Underwater Daredevils

Divers compete to see who can go deepest on just one breath -- and who can survive the yet-more-perilous ascent to air.

ONE mile off the coast of Miami, Alejandro Ravelo, a small, unshaven man, perches quietly at the edge of a floating white platform, his neoprene-clad torso swaying without resistance to the ocean's uneven rhythms. His submerged feet sport three-foot-long fins. A heavy-duty clip clamps his nostrils closed.

Ravelo's breathing is slow and deep. His eyes are shut. By calming his mind he will, he hopes, slow his body and quell its thirst for oxygen as he attempts to reclaim his place as the world's deepest breath-holding diver, unaided by breathing equipment -- a title that the Italian Umberto Pelizzari took in 1992. In his category of breath-hold, or "free," diving, called constant-weight, Pelizzari descended 236 feet on a single breath of air. Ravelo aims to descend ten feet farther, looking for a "confirmation tag" attached to a blood-red guide rope that has already been laid deep beneath the platform. If he grabs the tag, the time he took to reach it -- probably about a minute -- will not be the most impressive part of his oxygenless excursion: he set a world record in 1993 by holding his breath for six minutes and forty-one seconds while lying motionless at the bottom of a hotel pool. The true feat is the tremendous exertion required to return to the surface. With his arms extended above him in a hydrodynamic Superman pose, Ravelo must kick against gravity the equivalent of nineteen stories back to air.

Around Ravelo's platform the faces of six scuba divers -- white ovals emerging from dark wet suits -- bob on the Atlantic's steely swells, waiting for Ravelo's move. Stationed at ten-meter intervals, the divers, who will later be joined by breath-hold divers, are ready to serve as links in Ravelo's underwater lifeline. If he passes out, no one of the safety divers can rush him to the surface: they will be anchored to their assigned depths by the perils of the bends, which threaten divers who breathe compressed air and ascend too rapidly. Instead they will pass his unconscious body back to the surface like a baton.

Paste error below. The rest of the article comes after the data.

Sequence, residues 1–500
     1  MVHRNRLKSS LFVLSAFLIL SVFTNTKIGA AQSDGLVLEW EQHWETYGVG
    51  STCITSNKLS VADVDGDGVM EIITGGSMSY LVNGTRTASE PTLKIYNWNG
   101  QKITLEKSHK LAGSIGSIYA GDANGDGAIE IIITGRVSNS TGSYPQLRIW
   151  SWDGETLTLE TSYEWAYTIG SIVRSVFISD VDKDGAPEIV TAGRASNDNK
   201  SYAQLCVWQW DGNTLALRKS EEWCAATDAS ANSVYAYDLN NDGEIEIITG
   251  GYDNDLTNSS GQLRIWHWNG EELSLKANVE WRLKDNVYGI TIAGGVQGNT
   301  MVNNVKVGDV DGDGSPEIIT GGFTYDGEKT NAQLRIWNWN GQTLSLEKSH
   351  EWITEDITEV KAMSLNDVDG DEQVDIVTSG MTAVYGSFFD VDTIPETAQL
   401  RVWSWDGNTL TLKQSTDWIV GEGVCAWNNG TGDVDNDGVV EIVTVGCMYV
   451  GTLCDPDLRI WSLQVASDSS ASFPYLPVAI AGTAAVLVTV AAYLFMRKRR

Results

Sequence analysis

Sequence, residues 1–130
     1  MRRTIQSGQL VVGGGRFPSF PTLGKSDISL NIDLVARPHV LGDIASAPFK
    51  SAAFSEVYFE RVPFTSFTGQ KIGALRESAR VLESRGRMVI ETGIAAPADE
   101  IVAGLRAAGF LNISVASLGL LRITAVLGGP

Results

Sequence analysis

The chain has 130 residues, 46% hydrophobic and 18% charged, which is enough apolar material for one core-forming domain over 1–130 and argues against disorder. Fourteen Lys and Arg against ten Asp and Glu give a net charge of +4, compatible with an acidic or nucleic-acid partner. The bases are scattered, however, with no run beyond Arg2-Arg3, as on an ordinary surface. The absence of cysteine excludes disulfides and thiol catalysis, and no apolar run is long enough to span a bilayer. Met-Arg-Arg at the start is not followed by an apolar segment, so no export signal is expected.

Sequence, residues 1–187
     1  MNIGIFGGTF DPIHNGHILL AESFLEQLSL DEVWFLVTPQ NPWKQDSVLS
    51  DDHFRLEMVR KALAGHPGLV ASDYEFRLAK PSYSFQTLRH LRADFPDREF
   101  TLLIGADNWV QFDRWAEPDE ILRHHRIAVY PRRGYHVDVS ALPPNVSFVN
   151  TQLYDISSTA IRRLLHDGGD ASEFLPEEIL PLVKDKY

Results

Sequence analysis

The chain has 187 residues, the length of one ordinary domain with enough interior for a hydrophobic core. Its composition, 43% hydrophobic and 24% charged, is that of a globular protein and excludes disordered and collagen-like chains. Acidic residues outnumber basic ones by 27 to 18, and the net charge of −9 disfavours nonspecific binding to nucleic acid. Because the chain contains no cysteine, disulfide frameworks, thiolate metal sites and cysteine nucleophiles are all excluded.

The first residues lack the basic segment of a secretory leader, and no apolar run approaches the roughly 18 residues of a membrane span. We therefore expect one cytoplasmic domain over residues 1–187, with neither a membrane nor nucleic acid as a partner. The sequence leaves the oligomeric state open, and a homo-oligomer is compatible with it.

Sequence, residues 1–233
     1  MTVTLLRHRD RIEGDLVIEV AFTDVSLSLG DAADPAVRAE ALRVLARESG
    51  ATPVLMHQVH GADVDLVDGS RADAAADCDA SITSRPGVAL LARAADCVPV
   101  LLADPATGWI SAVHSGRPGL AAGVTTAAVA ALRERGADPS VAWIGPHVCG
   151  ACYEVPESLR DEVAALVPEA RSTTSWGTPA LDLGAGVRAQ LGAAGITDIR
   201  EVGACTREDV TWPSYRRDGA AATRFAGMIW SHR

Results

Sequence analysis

Spectator boats drift away; their engines must not taint the air. Momentarily lapsing from his trance, Ravelo signals to his manager, Rudi Castineyra, among the scuba divers. Castineyra extends his arm into the air and gives a thumbs-down sign -- diver-speak not for "bad" but for "descend." Air hisses out of their buoyancy vests as the divers sink like paratroopers into the clouds. Ravelo's black form remains alone under the gray sky as he prepares his underwater pas seul.

In 1992, in Cuba, Ravelo set the world record for constant-weight free diving at 230 feet -- the record Pelizzari broke only a few months later in Italy, where free divers are celebrated as fervently as bullfighters are in Spain. When Ravelo tried to regain his title in 1993, Cuban security officials refused him a boat, fearing that he would sail for America. Their refusal drove him to flee to Miami.